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Things have changed. Not just the little things my doctor expected, like less stress, more calmness, better interactions and fewer fights in our family. Yes, these aspects of life are improving, but they’re not what I want to talk about today. The more surprising changes are the ones I didn’t expect, the big ones, the ones regarding those ever-present problems in life I thought were solid parts of me and my mental state.
Turns out, my brain has been tricking me for the past two and a half decades.
They told me the SSRI would take about three weeks to reach its full effect, and they were absolutely right. First of all, it took three weeks for the tinnitus to stop. Now the buzzing’s completely gone. And one or two of the chronic high-pitched components are gone, too. If this isn’t an advertisement for this drug, I don’t know what is.
On Thursday, I went to my psychologist with a list of all the changes I’ve noticed after these first three weeks. If I’m honest, their magnitude has shocked me. It’s not because I didn’t know that I was troubled, but rather because I hadn’t realized just how much and for how long. Trying to think back to the last time I was in my current state of mental calmness brought me back to my early childhood, and that’s certainly a shocking statement.
Just think about it: we’re talking about a whole lifetime of anxiety. Which is one thing, sure; but the most painful aspect of this is that I had no fuckin clue. I didn’t know this wasn’t normal—if anything in life can be said to be normal or abnormal—I had no idea I was living in a constant mist of anxiety which intruded into and corroded every joint holding the parts of my being together.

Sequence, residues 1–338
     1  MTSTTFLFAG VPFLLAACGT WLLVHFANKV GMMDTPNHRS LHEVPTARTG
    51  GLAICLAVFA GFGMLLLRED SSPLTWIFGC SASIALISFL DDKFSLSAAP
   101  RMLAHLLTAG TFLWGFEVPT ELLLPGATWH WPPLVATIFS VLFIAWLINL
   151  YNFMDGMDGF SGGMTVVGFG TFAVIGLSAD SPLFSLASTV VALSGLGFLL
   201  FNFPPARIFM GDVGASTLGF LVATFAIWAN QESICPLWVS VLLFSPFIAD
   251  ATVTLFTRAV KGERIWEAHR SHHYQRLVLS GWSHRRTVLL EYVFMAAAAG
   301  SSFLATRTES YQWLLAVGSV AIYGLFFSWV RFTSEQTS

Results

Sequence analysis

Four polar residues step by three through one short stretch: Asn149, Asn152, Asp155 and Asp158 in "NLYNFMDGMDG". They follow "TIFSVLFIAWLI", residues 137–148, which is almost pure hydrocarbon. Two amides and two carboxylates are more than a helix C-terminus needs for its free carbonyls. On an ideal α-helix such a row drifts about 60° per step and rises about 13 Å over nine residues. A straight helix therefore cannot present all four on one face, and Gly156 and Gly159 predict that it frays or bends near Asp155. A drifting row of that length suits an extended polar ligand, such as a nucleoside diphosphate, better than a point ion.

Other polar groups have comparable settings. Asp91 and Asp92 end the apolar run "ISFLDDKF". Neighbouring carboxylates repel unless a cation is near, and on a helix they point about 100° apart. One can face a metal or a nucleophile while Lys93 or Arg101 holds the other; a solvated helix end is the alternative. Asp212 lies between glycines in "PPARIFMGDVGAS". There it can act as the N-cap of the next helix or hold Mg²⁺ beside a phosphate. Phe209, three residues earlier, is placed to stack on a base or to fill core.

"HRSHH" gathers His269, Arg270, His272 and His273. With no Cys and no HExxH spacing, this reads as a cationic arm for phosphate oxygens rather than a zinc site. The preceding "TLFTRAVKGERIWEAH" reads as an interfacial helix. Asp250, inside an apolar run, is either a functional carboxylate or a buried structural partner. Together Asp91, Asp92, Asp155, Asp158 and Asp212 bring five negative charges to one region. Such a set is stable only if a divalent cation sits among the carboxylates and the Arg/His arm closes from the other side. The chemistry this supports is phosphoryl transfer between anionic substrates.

At my psychologist’s office, I took out my list and started enumerating all the changes I’m noticing.
“I can fall asleep,” I told her.
“Couldn’t you fall asleep before?” she asked.
Duh. Of course I couldn’t. Ask my parents: it started when I was eleven or whereabouts, and falling asleep has been a difficult business ever since.
“Is that not normal?” I asked her. She shook her head. Apparently, most people can fall asleep.
“I don’t binge eat anymore,” I continued.
She knew about the binge eating, of course. We’ve discussed it before. What she didn’t know was the disgust and self-loathing that goes with it, the unconquerable compulsion to ingest sugar in any form, the powerlessness to stop even when it makes you physically sick and you’re mortified at your own self-destructive urges. She didn’t know about the constant state of hatred toward your own body, the guilt at every bite—even at healthy bites, at the things you’re supposed to be eating; you shouldn’t be eating anything, after all, you’re fat, repulsive—and she didn’t know about the shame of eating in public, the constant, intrusive thoughts: are people looking at me? Do they know I’m a disgusting pig? Do they think I’m hideous? Do they see me as I see myself? And with that comes the dysphoria, the feeling of being trapped in a body you can’t accept, that nothing else matters, only what others see, and what they see is layers of fat, a revolting being who doesn’t deserve to be desired or to call herself a woman.
But three weeks of antidepressants, and the binge eating just… stopped. Poof! That was it. Twenty years of trying to manage my eating habits, of diets, attempts at mindfulness, at listening to my own body and heeding its needs—mindful eating is the goal, after all—and all it took was 21 pills. And, suddenly, the self-loathing has receded, it barely even registers. My body has its flaws, sure, but it’s mine, and it’s fine.